Friday, July 13, 2012

Country Life = Super Derecho

Were you hit hard by the Super Derecho? You know, that word no one ever heard of till the huge storm rolled across the midwest and Mid-Atlantic states on Friday, June 29.

We were lucky, we never lost power at home. The store was without power on Saturday, so I had to close. Considering what so many others were going through, that truly was no big deal.

I know lots of folks who were without power for several days, some for closer to 2 weeks. During a prolonged, sweltering heat wave. Never a good combination.

We had some branches down, even a tree, but again - considering what others were going through, that was no big deal.

We also had some rather amusing "damage".....




I looked out our kitchen window the next morning, and couldn't figure out what I was seeing.




It seemed as if a bucket was hanging in mid-air. Upon closer inspection, we saw that the wind had picked the bucket up, flung it across the yard, and it's handle got caught on an old farm implement in our flower bed.



And yes, other than the handle being caught, it was indeed hanging in mid-air.

Please don't look at the weeds. It's been very dry here for weeks, hardly any rain. But the weeds still thrive.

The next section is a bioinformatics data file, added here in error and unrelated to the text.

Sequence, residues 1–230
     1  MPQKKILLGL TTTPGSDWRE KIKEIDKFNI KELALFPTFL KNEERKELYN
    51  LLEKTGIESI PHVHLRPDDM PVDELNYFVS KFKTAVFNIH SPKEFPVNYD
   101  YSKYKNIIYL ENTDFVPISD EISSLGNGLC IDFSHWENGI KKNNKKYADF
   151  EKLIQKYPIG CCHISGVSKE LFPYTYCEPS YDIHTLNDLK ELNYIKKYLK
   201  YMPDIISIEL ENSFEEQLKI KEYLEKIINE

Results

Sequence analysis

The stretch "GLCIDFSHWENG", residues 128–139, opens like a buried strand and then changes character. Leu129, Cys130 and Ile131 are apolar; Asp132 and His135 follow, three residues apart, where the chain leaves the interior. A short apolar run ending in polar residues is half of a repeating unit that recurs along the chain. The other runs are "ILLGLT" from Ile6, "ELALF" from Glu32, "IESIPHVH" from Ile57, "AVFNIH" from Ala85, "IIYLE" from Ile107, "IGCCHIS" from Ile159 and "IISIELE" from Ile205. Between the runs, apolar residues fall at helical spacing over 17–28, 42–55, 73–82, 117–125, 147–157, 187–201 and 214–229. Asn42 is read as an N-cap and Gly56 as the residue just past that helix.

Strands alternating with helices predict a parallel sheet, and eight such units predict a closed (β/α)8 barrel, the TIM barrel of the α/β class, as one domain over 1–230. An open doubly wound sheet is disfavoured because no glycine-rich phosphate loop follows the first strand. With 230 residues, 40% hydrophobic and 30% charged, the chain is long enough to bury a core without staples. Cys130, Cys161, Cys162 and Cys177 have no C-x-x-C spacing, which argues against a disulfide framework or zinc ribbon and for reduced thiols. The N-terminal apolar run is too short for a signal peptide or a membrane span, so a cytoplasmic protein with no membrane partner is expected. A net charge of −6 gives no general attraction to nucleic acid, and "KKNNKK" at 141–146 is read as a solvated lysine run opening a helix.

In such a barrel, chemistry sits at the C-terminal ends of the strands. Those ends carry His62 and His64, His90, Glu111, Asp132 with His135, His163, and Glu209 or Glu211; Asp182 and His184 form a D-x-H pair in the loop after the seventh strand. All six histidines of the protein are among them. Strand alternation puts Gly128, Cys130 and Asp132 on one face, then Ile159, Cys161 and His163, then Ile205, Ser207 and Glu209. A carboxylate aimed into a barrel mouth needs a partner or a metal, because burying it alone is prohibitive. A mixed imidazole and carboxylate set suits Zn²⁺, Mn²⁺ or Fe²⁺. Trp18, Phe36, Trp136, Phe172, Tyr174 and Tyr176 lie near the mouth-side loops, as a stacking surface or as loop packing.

Actually, looking at these photos, I'm amazed at how green the grass was just 2 weeks ago. We've only had one brief rain since then, and our yard is getting more brown than green, and the dirt is turning to dust.

I saw a map of the drought areas, and to my surprise, we were not included in it. I'd hate to think how much worse it could get before we're declared a drought area.

Wonder what the criteria is? Maybe it's when even the weeds won't grow.

Rain is in the forecast for this weekend. We have our fingers crossed.

Oh - by the way - when we were traveling last weekend for our son's wedding, we saw lots of electric truck convoys on the move.

I don't know how much money those linemen make, but however much it is, it isn't enough. They have to work in the worst conditions...and we thank them.

Edited to add: Shortly after posting this, I saw in the newpaper that our area is classified as an "abnormally dry" area. Guessing that's one step below a drought?

2 comments:

Diane in the Valley said...

We're in the eastern panhandle. Lost power for one day but Mom was out for over a week. There were 25,000 homes out in our county. Trees down everywhere, it was a mess. Glad you didn't lose power.

Barb said...

25,000 homes without power in just one county. Wow, no wonder it took them several days to restore power to everyone! Since that storm, we've had a couple more huge ones. What a summer!

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